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Former Governor Mark Warner, who is seeking the seat of retiring Senator John Warner (no relation), believes that the House's failure to pass a financial rescue package, Monday, will have an impact that goes beyond Wall Street.
“It was an embarrassment yesterday,” said Warner, who had stopped by Centerfest on Saturday, during a follow-up phone interview, Tuesday.
Warner said that Monday's stock market plunge, which is impacting individual retirement accounts, is just the tip of the ice burg. He said that the credit crisis is already making it harder for people to get car loans. A deepening credit crisis could dry up businesses' line of credit and that will cost jobs. He called the failed vote “playing Russian roulette with people's financial lives.”
“I have a lot of problems with the bill, but Congress needs to get back to work and get a bill,” he said.
Warner said that Congress needs to get back to work on a bill this week. He believes that the Bush administration did not do a good job explaining the bill, but assessing blame must wait until later. Fixing the problem must be the first priority, he said.
The bill should protect taxpayers and provide transparency, Warner said, and should also provide relief for home owners in mortgage trouble. He would also like to see more regulatory oversight for financial markets and the bank deposit amount that FDIC guarantees raised from its current $100,000 to $200,000.
During his visit to Bedford, Warner called for a national competitive strategy to help America economically compete with countries like China and India. He also called for a comprehensive energy plan.
According to Warner, a comprehensive plan means avoiding an either or mentality — choosing between drilling and alternative energy.
“You've gotta be for both,” Warner said.
Warner said more offshore drilling is needed. He also believes that hybrid vehicles that could get 100 miles per gallon are possible.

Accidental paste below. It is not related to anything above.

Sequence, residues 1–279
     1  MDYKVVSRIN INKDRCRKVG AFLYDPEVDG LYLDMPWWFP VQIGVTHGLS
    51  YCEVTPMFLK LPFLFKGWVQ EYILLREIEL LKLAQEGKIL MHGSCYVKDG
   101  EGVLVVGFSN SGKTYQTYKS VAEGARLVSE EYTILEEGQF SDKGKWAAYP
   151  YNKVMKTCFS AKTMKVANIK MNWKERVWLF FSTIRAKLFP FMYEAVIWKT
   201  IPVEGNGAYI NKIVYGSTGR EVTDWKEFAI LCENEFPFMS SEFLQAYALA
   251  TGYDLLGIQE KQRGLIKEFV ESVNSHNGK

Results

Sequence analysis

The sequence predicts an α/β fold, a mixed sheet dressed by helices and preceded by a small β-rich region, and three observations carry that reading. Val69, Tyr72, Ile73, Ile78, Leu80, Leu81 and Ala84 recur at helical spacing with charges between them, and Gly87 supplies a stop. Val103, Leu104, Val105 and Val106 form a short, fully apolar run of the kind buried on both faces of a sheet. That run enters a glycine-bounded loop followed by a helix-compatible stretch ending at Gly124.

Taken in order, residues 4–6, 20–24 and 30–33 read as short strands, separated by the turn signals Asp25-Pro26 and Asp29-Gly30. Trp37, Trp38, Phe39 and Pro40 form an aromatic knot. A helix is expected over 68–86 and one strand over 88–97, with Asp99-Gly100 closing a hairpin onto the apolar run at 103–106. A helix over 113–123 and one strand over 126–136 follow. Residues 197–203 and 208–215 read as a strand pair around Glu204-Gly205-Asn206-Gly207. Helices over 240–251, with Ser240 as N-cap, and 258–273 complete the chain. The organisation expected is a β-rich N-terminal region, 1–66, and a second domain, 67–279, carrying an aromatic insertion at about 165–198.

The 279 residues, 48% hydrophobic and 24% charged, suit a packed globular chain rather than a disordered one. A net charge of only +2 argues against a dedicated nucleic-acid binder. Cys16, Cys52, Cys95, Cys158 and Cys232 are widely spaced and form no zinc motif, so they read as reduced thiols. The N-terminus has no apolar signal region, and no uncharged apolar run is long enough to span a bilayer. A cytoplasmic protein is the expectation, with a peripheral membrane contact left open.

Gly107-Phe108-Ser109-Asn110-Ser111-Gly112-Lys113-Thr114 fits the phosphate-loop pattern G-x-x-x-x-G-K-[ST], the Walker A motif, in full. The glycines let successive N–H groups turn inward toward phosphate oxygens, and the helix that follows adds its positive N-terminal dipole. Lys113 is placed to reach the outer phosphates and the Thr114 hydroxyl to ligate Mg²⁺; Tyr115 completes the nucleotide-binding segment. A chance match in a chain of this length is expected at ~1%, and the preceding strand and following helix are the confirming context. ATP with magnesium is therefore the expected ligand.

Alternative energy will be a job producer.
“There are going to be more jobs created in the energy sector in the next 25 years than any other,” he said.
Warner has taken criticism for raising taxes while governor.
“The fact was we had our bond rating in jeopardy,” Warner said in the phone interview.
He also said that the state was passing on its responsibilities to localities by not paying its share of school costs. Warner said the Virginia's state government is supposed to pick up 55 percent of school costs.
He contrasts what Virginia's government did with what the House of Representatives did, Monday, on the financial bailout bill. He said Virginia took a bipartisan “we've gotta fix it” attitude.
“We didn't punt, we fixed it,” Warner said.
Warner, a Democrat, noted that both he and his opponent, Jim Gilmore, a Republican, have been a Virginia governor. Gilmore was Warner's immediate predecessor in that office.
“I'm more than happy to make this a referendum on who left Virginia a better place,” he said.
Warner said he inherited a state balance sheet that was broken. He said the state deficit was six to seven times higher than Gilmore claimed.
Why should you vote for Warner?
“I have a proven record of getting stuff done,” Warner replied to that question.
Warner said that it doesn't matter to him whether an idea has a D or an R attached to it and added that the best evidence of that is how he governed. Warner said that during his time as governor, Republicans had a two-to-one majority in the General Assembly, proof that he can work in a bipartisan manner.
He also pointed to his 20 years of experience in business prior to holding public office.
“It taught me to measure the bottom line,” he said.
Warner said that it's important to send somebody to Washington who can read a balance sheet.
He said that, if elected, he would like to form a group in the Senate that would be called “Bipartisan Radical Centrists.”
“We gotta have people go to Washington who can say 'no' to the political extremes of the left and the right,” he said.